Ruby Mae (James) Zabel was born to Frank Howard and Elsie May (Neel) James on October 23, 1920 at her parents’ rural farm home northwest of Western, Olive Precinct, Saline County, Nebraska. She was the third child of four born to the James. She was baptized on August 14, 1921, at the Methodist Church of Western by H. W. Wagner on the same day that her sister Mabel Marie died.
In March of 1926 the family moved to Atlanta Precinct where she attended one year of school at District #77. On March 7, 1927, the family moved to their recently purchased 80-acre farm southwest of Western in South Fork Precinct. Here she attended school District #36 through eighth grade. She graduated with the class of 1938 from Western High School.
Her transportation to high school were Model-T Ford coupe cars driven on 4-1/2 miles of dirt roads. When it rained this meant muddy roads for there was no gravel. She drove on roads with hills to climb and watery low places to go through sometimes just missing the ditch. Driving in low caused the alcohol in the radiator to boil and the low band in the transmission to be tightened or replaced. Gas cost between 12-1/2 to 15 cents per gallon. Candy bars cost 1 cent at the Brown Store and she bought many to eat on the way home.
She loved the great outdoors and the farm animals became her friends, especially horses. She had a dream of raising, breaking and riding her own colt. This was done after the age of 60.
After graduation she helped on the family farm and worked at Bright’s IGA Grocery Store in Western and in Fairbury at Hinnen’s Store, Montgomery Ward Store and the Green Lantern Café.
She lived through the Dirty Thirties, the Great Depression and World War II. She had countless detailed memories of the difficult times growing up on the family farm. She wrote a daily letter to a soldier friend in Guam.
On December 12, 1945, she married Harold M. Zabel after he was honorably discharged from the Army Air Force. They lived on the Zabel family farm and enjoyed 63 years together.
Being a farm wife kept her busy helping her husband with the livestock, field work and grain hauling to elevators at harvest time. She raised chickens 50 out of 51 years for meat and eggs. She washed baskets full of eggs because they were worth 2 cents more a dozen if cleaned. For a short time, she was paid 50 cents a dozen (1970). Then the price dropped, and eggs and later chickens were on the way out.
She planted a garden and did a lot of canning. She enjoyed African violets and she was faithful in writing in her daily diary which she started in 1965. In her work of writing her memories she wore out four typewriters. A computer was purchased when typewriters were no longer available, and she continued writing. She enjoyed ballroom and square dancing.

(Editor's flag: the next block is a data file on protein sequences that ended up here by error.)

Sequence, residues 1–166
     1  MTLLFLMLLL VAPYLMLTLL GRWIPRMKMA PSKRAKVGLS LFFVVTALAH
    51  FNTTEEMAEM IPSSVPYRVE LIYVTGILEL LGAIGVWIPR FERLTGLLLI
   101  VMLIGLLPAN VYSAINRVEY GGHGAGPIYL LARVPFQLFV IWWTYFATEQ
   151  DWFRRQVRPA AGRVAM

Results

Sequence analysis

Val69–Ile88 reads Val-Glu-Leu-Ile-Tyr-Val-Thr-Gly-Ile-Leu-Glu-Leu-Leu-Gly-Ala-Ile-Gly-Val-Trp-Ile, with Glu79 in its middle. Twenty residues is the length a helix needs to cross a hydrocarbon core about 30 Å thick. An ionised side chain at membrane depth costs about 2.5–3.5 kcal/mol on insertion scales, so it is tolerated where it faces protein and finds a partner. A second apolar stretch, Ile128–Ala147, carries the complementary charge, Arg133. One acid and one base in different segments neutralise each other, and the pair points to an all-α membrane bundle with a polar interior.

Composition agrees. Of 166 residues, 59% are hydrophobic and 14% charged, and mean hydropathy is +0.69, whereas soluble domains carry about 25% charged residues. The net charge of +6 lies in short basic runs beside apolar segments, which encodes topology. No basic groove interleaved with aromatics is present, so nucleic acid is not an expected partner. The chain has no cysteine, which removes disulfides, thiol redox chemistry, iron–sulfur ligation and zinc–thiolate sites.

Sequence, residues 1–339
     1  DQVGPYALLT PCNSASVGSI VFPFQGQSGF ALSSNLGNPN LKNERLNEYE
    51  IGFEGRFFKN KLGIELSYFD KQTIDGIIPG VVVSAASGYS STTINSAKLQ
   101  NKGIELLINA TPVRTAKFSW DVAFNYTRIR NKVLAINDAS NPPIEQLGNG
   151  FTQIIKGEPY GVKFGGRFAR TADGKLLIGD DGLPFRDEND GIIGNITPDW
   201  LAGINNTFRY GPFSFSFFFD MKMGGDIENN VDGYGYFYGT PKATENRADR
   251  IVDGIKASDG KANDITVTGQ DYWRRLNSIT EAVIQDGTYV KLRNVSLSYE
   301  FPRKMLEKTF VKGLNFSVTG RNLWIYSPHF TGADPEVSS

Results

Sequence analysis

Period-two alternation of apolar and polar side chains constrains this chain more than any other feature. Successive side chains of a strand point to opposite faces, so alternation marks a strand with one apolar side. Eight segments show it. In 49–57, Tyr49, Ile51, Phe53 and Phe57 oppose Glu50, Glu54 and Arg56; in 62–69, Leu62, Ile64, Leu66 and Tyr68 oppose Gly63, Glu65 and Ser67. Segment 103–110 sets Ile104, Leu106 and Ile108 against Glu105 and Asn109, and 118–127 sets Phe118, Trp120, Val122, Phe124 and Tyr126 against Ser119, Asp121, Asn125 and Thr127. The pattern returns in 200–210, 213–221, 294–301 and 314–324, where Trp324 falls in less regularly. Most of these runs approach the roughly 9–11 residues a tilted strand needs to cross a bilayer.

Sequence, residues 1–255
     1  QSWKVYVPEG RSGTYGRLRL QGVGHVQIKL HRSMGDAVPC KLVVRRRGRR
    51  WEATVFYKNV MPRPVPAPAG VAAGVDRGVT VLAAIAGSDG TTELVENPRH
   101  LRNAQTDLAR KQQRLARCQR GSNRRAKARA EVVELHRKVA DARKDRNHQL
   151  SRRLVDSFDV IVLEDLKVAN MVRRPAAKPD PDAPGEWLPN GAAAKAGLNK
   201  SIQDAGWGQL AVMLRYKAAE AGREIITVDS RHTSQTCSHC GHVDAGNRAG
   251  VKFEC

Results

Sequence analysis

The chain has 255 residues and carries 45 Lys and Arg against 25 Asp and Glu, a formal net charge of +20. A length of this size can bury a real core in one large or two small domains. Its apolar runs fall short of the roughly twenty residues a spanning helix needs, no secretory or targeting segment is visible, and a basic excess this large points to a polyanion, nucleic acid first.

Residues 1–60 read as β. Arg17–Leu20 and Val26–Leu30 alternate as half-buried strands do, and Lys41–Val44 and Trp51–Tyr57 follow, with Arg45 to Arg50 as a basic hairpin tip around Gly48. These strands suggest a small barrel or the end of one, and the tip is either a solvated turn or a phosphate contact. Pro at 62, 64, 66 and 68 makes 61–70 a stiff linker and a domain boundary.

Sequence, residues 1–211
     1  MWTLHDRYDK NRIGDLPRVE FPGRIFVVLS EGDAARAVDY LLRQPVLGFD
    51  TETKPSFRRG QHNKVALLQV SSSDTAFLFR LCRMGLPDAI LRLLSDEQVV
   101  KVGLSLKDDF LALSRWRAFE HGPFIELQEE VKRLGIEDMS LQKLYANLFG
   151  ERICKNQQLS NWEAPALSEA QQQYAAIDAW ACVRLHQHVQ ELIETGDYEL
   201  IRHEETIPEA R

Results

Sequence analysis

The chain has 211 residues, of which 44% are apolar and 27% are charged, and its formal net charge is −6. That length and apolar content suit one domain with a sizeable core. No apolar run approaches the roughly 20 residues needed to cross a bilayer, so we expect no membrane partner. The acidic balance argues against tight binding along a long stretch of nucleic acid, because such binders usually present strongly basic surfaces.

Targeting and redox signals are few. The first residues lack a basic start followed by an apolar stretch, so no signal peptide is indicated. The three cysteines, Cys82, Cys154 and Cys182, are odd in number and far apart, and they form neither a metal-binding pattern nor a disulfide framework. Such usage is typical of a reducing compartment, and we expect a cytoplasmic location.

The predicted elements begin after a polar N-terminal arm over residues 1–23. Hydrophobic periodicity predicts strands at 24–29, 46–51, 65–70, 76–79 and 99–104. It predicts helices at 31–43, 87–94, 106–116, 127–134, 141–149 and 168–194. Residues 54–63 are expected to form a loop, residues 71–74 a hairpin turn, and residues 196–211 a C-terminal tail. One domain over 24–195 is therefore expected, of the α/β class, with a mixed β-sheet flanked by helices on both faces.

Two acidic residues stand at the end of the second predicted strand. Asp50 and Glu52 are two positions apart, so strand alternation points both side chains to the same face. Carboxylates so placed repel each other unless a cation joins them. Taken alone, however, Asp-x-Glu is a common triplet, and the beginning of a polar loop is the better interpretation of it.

She collected horse items, dolls (many she had made). Other hobbies included crafts of all kinds, needlework, quilts and quilting and photography. Some items were entered at the Jefferson County Fair and were awarded many first-place ribbons. Some of the crafts were given to family members as gifts. She attended many craft and flea markets and household auctions.
Because of her interest in Genealogy a second cousin was located. For over 80 years the two families lived 80 miles apart but neither knew about the other. Family pictures over 100 years old were seen for the first time. Since then they have kept in touch getting to know one another.
After her husband passed away in 2008 her faithful dog went with her to the barn to feed the horse. The animals gave her support and comfort in her time of need. After the dog died the horse soon followed. One morning the horse came to be fed. She whinnied at Ruby and before she could get feed in the bucket, the horse walked a short distance away and went down for her time had come. Ruby found out how lonely a farmyard can be without animals. A year later a little yellow kitten walked into her life. What joy that cat was to her.
Memory is the power of recalling past events and retaining the in order to pass along to others our experiences. Most of our lives are spent in the act of remembering. It is a priceless joy and one that should be shared.
She is survived by her son Dennis and his wife Becky of Daykin, a granddaughter, Sara Sunderland and her husband, Greg of Orinda, CA, great grandchildren Kamden Mabon of Orinda, CA, Kayla Mabon and fiancée Mason Carey of Kansas City, KS, Kinzie Mabon of Lincoln, NE, and Slater and Zach Sunderland of Orinda, CA, her sister, Ruth Reckling of Mount Vernon, IA, her sister-in-law, Ruth Schmidt, of Fairbury, her cousin Virginia Roe of Superior, and nieces and nephews.
Preceding her in death by her husband, her parents, one sister and one brother.
Written by Ruby Zabel in 2015
Services will be held at Gerdes-Meyer Funeral Home in Fairbury at 10:30 a.m. on Saturday June 23, 2018. The family will greet visitors on Friday June 22, 6:30-8:00 p.m. at Gerdes-Meyer. Memorials to family choice.